With Breast Cancer Comics by Dash Shaw
A few days before I turned 44, I was diagnosed with Stage 0 breast cancer. After a lifetime of mammograms, I had recently been "pro-active" (pushy) about getting a more definitive test since I was convinced it was only a matter of time until I got breast cancer just like my mother.
I was also convinced that mammograms weren't all they were cracked up to be since every time I heard about someone getting diagnosed with breast cancer they had just had a clean mammogram.
Two days after a breast MRI that my doctor had grudgingly ordered, I was asked to come back for an ultrasound. Despite my usual negativity, I didn't think much of this since when I asked if coming back for a follow-up ultrasound was normal the person on the phone said that lots of people get called back for an ultrasound. So you can imagine my surprise when I showed up for my seemingly "routine" ultrasound and was met by a radiologist pointing at something on my films: there was something in the left breast and though she didn't think it looked like cancer, she wanted to be certain.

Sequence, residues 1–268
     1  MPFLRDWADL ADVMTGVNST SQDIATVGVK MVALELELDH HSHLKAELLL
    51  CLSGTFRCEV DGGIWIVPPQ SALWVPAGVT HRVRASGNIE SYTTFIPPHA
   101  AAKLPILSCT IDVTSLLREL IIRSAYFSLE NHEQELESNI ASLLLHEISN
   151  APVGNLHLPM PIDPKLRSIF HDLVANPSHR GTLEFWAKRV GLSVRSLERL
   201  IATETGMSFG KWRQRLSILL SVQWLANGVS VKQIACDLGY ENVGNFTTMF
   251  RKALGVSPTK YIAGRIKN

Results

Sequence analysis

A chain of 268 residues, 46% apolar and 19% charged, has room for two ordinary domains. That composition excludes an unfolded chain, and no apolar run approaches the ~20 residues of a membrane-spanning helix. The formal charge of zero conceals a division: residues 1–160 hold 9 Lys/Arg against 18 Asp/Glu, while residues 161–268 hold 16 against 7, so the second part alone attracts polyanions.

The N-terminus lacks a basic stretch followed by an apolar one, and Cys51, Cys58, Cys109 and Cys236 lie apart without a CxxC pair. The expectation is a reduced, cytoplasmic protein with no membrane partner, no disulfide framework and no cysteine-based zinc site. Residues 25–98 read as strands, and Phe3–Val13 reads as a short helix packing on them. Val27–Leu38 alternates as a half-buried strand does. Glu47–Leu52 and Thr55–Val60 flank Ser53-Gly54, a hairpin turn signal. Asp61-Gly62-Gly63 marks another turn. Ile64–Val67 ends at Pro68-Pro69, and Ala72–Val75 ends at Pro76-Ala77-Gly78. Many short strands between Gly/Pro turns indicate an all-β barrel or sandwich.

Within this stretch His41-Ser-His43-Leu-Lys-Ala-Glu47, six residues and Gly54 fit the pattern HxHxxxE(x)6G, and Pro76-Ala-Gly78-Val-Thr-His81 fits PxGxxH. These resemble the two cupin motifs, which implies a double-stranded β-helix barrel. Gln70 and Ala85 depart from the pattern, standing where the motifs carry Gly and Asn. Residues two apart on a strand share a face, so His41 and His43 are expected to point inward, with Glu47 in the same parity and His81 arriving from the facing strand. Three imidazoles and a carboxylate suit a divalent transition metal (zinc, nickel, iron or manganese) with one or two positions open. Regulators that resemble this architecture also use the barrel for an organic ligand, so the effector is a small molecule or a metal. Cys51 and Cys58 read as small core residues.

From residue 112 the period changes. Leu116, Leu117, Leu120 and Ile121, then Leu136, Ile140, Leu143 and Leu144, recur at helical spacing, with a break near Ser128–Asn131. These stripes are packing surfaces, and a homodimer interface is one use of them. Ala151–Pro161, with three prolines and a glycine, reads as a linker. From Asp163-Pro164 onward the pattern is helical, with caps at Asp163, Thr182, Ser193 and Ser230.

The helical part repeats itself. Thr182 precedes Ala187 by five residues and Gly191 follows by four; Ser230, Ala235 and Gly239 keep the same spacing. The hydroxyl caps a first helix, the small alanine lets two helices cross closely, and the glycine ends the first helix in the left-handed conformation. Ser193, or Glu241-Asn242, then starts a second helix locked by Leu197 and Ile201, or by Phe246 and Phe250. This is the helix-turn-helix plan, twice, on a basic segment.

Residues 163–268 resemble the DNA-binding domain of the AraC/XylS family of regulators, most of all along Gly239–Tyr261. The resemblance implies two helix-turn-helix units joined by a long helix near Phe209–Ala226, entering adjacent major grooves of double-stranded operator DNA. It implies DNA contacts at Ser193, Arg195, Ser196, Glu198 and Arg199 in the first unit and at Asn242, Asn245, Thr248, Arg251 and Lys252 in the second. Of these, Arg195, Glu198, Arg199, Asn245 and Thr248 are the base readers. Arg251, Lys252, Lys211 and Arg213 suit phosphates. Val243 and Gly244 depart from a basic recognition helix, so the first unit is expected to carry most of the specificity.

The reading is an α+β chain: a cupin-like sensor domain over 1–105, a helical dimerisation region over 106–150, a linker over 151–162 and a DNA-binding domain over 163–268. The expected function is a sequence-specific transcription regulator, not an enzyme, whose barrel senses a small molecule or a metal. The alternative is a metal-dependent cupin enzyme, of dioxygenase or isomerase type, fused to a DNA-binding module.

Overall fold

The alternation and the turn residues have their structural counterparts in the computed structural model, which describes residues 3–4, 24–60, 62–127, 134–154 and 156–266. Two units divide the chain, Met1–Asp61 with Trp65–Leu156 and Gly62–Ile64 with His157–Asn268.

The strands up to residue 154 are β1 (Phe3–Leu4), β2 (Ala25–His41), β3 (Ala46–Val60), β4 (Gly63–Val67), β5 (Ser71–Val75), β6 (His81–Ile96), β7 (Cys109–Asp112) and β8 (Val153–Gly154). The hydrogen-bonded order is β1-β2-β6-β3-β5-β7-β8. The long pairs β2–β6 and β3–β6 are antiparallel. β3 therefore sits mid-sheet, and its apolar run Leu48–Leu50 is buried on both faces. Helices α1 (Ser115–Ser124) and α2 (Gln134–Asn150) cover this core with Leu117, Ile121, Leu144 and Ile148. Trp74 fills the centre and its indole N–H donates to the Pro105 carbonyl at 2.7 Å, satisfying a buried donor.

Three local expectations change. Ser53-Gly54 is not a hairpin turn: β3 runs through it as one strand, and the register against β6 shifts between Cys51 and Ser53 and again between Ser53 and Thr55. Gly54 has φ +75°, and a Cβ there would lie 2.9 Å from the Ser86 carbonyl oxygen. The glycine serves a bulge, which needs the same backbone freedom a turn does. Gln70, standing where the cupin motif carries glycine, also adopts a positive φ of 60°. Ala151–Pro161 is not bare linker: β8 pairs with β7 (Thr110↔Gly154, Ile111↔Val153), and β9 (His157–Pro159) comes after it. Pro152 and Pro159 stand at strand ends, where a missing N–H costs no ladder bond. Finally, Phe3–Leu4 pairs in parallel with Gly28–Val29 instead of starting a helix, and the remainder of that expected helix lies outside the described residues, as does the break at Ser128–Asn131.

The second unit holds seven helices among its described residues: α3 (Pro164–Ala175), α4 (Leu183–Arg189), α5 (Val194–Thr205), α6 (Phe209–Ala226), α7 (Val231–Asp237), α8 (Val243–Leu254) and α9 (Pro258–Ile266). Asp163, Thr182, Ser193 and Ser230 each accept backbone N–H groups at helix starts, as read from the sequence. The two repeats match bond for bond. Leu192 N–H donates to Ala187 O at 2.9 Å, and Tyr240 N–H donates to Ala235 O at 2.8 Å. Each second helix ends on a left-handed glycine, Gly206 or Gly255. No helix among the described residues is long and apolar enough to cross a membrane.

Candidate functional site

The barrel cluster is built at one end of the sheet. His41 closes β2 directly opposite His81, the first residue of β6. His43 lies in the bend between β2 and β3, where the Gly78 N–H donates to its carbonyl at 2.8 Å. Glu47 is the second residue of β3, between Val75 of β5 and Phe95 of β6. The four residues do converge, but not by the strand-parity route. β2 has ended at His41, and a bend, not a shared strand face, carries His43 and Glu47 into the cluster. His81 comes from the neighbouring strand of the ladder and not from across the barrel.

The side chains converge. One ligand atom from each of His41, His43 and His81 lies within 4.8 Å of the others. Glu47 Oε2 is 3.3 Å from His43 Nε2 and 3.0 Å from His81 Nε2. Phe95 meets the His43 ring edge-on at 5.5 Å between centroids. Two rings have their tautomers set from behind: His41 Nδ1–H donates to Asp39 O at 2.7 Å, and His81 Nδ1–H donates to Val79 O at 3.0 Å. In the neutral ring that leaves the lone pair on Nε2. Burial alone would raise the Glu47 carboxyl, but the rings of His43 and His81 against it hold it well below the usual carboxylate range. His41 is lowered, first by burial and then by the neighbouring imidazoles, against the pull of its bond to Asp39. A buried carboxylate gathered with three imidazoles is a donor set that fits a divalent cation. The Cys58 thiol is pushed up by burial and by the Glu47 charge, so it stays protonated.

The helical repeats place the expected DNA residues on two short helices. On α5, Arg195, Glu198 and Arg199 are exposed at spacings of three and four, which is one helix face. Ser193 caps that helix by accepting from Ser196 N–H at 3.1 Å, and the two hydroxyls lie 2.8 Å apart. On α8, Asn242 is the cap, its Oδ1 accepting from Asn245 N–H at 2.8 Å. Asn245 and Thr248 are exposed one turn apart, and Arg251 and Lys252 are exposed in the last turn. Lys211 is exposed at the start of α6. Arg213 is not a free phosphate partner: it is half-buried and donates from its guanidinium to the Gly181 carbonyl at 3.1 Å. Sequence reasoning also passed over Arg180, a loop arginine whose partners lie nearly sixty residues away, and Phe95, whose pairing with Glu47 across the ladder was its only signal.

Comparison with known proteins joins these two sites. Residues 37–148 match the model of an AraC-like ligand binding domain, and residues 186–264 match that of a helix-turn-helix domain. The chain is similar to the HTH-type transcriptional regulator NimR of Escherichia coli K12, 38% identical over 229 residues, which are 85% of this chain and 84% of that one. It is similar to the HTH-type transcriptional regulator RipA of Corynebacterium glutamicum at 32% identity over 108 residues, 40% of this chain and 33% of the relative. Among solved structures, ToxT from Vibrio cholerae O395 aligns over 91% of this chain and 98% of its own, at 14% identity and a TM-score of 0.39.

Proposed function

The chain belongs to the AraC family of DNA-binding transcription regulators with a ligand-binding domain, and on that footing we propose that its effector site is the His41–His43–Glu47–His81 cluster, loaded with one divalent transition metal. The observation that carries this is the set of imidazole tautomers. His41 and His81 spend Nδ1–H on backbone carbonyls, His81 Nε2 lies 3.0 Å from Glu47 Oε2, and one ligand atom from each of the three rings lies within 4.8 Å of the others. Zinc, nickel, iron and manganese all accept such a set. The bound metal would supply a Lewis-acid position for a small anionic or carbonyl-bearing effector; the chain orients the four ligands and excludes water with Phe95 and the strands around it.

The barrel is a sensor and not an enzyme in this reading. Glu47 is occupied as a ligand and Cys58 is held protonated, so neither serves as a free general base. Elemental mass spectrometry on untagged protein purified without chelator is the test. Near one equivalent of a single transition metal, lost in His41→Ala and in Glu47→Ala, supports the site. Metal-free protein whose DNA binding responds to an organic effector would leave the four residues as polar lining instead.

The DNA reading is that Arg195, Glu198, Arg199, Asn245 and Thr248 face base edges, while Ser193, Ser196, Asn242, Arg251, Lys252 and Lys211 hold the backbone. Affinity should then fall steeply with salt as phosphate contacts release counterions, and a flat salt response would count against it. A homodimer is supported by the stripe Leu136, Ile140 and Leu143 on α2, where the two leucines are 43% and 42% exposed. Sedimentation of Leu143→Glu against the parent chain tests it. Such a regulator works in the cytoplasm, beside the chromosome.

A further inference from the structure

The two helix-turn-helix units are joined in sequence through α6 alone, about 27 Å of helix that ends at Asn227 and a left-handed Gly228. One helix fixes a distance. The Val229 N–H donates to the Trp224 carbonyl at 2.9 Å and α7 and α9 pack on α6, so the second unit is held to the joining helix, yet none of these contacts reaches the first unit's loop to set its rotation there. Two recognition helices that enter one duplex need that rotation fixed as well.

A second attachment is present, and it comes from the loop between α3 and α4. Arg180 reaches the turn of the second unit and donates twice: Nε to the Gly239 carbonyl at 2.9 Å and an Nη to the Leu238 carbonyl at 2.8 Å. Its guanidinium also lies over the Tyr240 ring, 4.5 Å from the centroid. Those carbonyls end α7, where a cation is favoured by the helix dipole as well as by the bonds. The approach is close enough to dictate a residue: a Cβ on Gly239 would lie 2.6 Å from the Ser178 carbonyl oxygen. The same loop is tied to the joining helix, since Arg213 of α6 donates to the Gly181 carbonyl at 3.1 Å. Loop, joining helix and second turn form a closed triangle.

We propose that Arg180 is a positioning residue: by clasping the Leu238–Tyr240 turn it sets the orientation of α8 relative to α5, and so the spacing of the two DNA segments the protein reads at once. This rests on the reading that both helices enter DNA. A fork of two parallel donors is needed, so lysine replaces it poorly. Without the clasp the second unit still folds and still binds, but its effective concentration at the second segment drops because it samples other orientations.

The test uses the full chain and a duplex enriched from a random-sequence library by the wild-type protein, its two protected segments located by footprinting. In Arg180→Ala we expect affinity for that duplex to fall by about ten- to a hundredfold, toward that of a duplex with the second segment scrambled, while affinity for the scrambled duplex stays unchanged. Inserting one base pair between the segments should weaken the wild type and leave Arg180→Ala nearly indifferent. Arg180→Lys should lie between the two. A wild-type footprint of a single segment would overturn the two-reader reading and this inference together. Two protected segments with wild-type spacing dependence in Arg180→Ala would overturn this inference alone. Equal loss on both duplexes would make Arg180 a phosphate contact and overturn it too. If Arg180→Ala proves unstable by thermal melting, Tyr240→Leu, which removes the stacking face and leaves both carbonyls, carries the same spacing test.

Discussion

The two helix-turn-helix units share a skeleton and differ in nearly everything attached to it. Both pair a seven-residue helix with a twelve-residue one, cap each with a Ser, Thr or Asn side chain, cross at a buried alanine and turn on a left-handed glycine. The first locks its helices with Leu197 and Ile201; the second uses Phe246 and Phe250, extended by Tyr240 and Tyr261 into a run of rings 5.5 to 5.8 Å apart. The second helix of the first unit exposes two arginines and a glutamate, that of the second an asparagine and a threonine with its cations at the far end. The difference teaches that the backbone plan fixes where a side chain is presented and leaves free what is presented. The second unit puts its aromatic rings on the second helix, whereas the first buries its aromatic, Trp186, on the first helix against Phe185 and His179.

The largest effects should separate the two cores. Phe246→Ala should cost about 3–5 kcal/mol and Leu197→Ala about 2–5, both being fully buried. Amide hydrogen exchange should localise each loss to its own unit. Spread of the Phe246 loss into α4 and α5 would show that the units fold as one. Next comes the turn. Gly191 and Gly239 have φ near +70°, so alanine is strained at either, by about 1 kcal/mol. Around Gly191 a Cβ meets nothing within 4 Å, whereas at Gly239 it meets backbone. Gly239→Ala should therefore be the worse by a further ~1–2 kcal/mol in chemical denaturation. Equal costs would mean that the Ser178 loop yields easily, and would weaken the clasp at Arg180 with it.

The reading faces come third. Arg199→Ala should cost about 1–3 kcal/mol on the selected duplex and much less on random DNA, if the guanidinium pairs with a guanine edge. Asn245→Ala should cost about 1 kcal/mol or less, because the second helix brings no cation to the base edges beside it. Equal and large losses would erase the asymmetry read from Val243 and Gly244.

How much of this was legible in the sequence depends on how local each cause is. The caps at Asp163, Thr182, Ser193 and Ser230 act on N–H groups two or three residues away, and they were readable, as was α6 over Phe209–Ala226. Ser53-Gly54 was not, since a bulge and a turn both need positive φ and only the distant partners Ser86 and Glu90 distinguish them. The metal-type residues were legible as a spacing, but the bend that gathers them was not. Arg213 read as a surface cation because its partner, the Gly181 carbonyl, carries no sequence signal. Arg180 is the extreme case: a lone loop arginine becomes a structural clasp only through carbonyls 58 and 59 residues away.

"I'm obsessive," the radiologist said, a trait I figured was a huge asset in her particular line of work.
Before I knew it, right then and there, I had a needle biopsy (that was surprisingly almost completely painless).
A few days later, the radiologist called and said that the results were in: I had what's called Ductal Carcinoma in Situ, also known as DCIS, an early type of cancer that starts in the milk ducts. It was Stage 0, she said, which meant that though the cancer was there, it hadn't gone anywhere.
Strangely, though, at some point during her explanation of the diagnosis, I could have sworn I heard the radiologist say: "Don't let the word carcinoma fool you. It's a type of pre-cancer condition routinely treated by lumpectomy and radiation."
Which was a huge relief: pre-cancer isn't cancer! I thought happily, which made calling everyone I knew who was waiting to hear about my test results a whole lot easier.
If only I hadn't misunderstood.